In this case, defendant's first jury trial ended in a mistrial. Defendant states in his appellate brief that his first jury was comprised of 12 members. This is not verified by the record on appeal. The record is silent as to the number of jurors selected and sworn for the first trial and affirmatively states that a six-person jury was chosen for the second trial. The record indicates that no less than four attorneys from the public defender's office separately participated in the defense at one time or another during the prosecutions of these complaints. On appeal, defendant has yet another attorney. We note further that although the complaints were unquestionably brought and prosecuted as criminal misdemeanors, the nature of the offenses is such that the cause could have been brought in tort. Clearly, as a civil complaint a six-person jury would have been appropriate under the Illinois Code of Civil Procedure (Ill. Rev. Stat. 1985, ch. 110, par. 2-1105(b)); but, there is no corresponding authority for criminal trials by juries of less than 12 persons.
Indeed, the State's brief on appeal, as well as our own research, reveals only one reported case in Illinois in which criminal charges were tried by a six-person jury. (Quinn, 46 Ill. App. 3d 579, 360 N.E.2d 1221.) In Quinn, the record on appeal revealed that an agreement had been reached between defense counsel and the prosecutor to try the case before the six-person jury. Defendant acquiesced in the waiver of a full jury after his attorney explained that he had a right to a 12-person jury. (46 Ill. App. 3d at 582-83, 360 N.E.2d at 1224.) On appeal, defendant challenged his conviction on the ground that he had not waived his right to a 12-person jury in open court. The court examined the constitutional and statutory underpinnings of the right of a criminal defendant to a jury of 12 and reviewed Illinois precedent for waiver of the full number of jurors. (E.g., People v. Scudieri (1936), 363 Ill. 84, 1 N.E.2d 225 (parties' agreement to jury of 11 held not constitutionally infirm, court reasoning that if defendant could waive his entire right to a jury, he could waive his right to the full number of jurors as well).) The court concluded that, although the better procedure would have been for the trial court to accept counsel's stipulation to the smaller jury only after defendant was appropriately advised and knowingly waived his right to a full jury in open court, given that defendant had never objected or claimed that he did not understand his jury rights, it was not plain error to have proceeded on counsel's stipulation out of defendant's presence. 46 Ill. App. 3d at 582-83, 360 N.E.2d at 1224.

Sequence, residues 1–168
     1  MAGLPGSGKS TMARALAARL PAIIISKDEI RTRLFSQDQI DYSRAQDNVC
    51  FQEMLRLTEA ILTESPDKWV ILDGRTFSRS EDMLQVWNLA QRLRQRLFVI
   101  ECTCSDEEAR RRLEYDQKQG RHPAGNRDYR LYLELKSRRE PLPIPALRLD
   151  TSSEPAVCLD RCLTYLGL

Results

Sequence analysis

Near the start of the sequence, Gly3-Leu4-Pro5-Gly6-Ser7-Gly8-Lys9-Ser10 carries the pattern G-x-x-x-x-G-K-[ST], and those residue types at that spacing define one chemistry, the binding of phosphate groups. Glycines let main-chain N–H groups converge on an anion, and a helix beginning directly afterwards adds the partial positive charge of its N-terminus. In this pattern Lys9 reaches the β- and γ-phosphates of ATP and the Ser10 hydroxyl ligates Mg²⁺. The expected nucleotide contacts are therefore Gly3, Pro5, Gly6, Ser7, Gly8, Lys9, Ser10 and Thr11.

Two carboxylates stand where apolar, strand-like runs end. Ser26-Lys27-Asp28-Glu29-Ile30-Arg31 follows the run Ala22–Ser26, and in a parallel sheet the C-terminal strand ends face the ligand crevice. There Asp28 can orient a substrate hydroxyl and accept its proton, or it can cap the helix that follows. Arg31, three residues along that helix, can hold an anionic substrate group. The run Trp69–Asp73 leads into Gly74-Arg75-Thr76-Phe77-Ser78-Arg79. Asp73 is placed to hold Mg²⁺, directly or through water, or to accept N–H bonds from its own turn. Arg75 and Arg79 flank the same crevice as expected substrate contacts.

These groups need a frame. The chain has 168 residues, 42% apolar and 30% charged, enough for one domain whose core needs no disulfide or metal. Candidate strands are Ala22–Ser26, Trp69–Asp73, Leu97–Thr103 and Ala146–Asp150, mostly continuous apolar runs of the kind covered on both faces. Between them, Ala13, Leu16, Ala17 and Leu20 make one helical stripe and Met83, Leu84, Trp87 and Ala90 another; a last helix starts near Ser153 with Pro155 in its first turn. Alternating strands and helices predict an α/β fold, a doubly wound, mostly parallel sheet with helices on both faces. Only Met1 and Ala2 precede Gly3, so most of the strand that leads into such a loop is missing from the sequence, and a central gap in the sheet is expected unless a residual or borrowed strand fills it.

The court's analysis in Quinn convinces us that the court considered the right to a 12-person jury, although waivable, an essential feature of a substantial constitutional guarantee. As such, the doctrine of plain error may be invoked and error will be found if it appears that defendant was prejudiced by a violation of his right to a 12-person jury. Prejudice may be presumed where defendant was unaware of his right to a full jury and neither agreed to nor acquiesced in a decision to waive the full number of jurors. Conversely, were we here presented with a record from which we could state with conviction that defendant or his counsel had specifically agreed to proceed with a six-person jury, we would not hesitate to determine, as in Quinn, that defendant waived his State constitutional challenge for purposes of appeal. But, where the record is absolutely silent on the waiver aspects and we are not presented with a situation in which we can be assured that defendant was even aware of his right to a 12-person jury, we cannot conclude that defendant was not prejudiced by the infringement of his right to a full jury. (Cf. People v. Mayden (1979), 71 Ill. App. 3d 442, 389 N.E.2d 901 (wherein plain error rule was not applied on review because, although the record was silent on defendant's waiver or acquiescence, defendant could not have been unaware that one member of full jury was excused midway through trial and cause proceeded to a verdict with 11 members).) Accordingly, we find that this cause must be remanded to the circuit court for a hearing to determine whether defendant waived his right. If upon ...